If you are just joining in on my Sunday Strategy Share, make sure you check out last week’s Visual Content Strategy Share!
This week we will be chatting all about cooperative learning in the classroom. Why is cooperative learning important? How does it benefit the kids? And what you really want to know…how can you (as the teacher) include cooperative learning in your classroom without breaking the bank?
1. Rules and Procedures
Create strong rules and procedures in your classroom for cooperative learning. If you do this from the beginning, it will help your groups and activities run smoothly! Kids need to know what you expect and how they are to treat each other. I have found the best way to learn these procedures is through exposure to the process. Add in cooperative learning to a lesson and discuss the rules and procedures during the process. Just discussing rules beforehand doesn’t make much impact. Immerse them in the cooperative learning atmosphere and discuss do’s and don’ts.
We use this anchor chart and it really helps remind the students of what is expected.
2. Choosing Groups
When choosing groups for your students, be sure to make the groups meaningful. Many times, we just allow the students to choose their own groups. The problem with this idea is that students will choose their best friends almost every time. Put systems in place that allow for high and low students to be mixed together when grouping. There are many different ways this can be done. My personal favorite (and the least obvious) is explained below.
Draw Sticks: Have students names (or numbers) written on sticks and placed in two separate jars. Maybe name one jar A and one jar B–or you can be more creative. Secretly, have the jars divided into low/middle and middle/high. Place middle of the road children in each jar. I have done this for years and the students never get suspicious. Draw out sticks from each jar (if you are doing a group of four–two sticks from each jar.) Now, your groups may not always be perfect–but they will work well.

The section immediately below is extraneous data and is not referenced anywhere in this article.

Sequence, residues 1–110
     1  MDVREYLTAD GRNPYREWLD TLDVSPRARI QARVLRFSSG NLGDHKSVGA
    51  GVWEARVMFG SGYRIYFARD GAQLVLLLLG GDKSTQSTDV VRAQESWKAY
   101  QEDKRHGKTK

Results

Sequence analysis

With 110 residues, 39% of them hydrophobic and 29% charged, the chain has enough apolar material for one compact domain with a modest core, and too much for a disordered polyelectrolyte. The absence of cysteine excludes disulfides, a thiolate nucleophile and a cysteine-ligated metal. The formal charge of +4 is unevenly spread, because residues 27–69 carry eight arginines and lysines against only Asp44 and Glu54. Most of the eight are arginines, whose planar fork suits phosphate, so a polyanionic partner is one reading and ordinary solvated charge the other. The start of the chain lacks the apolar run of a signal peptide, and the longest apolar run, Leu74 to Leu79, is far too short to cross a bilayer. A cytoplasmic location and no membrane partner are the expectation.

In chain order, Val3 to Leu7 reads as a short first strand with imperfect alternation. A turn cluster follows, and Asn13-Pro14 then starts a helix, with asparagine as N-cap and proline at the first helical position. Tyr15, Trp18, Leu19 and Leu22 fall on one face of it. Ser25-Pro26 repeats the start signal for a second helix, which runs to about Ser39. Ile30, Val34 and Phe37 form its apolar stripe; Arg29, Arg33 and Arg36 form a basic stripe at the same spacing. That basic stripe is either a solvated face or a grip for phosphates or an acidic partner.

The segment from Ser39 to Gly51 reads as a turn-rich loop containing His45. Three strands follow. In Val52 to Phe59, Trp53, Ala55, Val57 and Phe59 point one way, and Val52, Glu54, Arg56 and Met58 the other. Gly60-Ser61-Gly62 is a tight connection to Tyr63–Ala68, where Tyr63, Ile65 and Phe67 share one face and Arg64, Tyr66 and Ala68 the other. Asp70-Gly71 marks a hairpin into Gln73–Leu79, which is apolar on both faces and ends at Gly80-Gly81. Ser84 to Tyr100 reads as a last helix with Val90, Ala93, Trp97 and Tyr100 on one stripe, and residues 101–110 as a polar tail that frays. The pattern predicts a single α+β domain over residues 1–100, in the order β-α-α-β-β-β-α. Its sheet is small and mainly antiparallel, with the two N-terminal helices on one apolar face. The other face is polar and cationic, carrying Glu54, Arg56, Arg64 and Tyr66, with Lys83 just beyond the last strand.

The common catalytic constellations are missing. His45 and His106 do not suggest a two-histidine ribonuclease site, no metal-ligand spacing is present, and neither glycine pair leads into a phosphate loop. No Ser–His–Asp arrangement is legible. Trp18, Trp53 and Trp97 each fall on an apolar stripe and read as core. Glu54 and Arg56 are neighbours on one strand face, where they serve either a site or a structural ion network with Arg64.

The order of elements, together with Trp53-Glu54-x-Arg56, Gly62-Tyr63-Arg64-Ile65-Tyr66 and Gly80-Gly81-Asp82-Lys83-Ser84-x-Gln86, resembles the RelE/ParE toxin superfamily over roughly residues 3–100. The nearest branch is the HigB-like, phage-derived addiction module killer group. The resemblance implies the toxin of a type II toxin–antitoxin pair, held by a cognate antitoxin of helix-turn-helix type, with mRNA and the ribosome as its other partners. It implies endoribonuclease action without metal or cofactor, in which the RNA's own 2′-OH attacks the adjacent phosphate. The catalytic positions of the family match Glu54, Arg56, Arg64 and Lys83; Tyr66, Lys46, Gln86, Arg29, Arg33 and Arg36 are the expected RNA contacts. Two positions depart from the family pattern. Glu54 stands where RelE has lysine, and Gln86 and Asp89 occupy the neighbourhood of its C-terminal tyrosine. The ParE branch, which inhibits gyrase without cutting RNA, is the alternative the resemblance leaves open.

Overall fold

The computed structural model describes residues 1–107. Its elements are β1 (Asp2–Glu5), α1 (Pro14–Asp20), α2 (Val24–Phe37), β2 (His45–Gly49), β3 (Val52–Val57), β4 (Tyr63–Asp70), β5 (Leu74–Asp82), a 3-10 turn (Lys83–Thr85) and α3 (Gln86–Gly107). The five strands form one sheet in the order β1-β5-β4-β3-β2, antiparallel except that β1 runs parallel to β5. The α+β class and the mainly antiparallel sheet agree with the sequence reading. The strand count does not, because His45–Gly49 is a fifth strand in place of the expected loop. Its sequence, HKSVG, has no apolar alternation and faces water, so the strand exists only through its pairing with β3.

When you choose your groups and make them meaningful–the students are more engaged (not always with their friends.) The students also learn to work with other people in the classroom and you will see great strengths from your children that struggle.
3. Work Load
When the students are in their groups, be sure to divide the workload. You do not want one student doing all of the work. And believe me, you will have a bossy-bessy that will try to do all of the work.
I use a job chart in each group. As soon as the students get into their groups–they choose jobs or jobs are chosen for them (if bossy-bessy is still taking control.) I do try to give them some freedom here. Just check in on them and make sure the same person isn’t doing the same job each time though. Mixing up the groups helps with this process though!
4. Guide Discussions
The discussions during any type of cooperative learning can get really off track if you are not monitoring the students. Before you start rolling your eyes though, I don’t mean you are just sitting at your desk eating that eighth piece of chocolate for the day. I know when cooperative learning is going on, you are up and moving around. However, you will need to actually guide their discussions more than humanly possible with 4 or 5 groups going at a time. I have caught myself running from one group to another and feeling pretty overwhelmed.
I decided it was best to come up with a process of discussion each group would navigate through during cooperative learning. I really got the idea from how I run my book clubs. They can be very similar in making me feel overwhelmed. Organization is key. Also, don’t be afraid to give your students some responsibility.
5. Tools for Support
Lastly, you might be thinking…yes–but what do I do with the students while they are cooperatively learning? How will I do all of this with limited materials?
My favorite thing about students learning together is the creativity that is allowed. Below, I have listed some of my favorite ways to have students write, respond, or create during cooperative learning. These tools or strategies can be used with any topic or subject.
- Write with Dry Erase Markers on the Desks
- Use Anchor Chart Paper to Create (posters, reading response, word problems, etc.)
- Post-Its to Answer Questions
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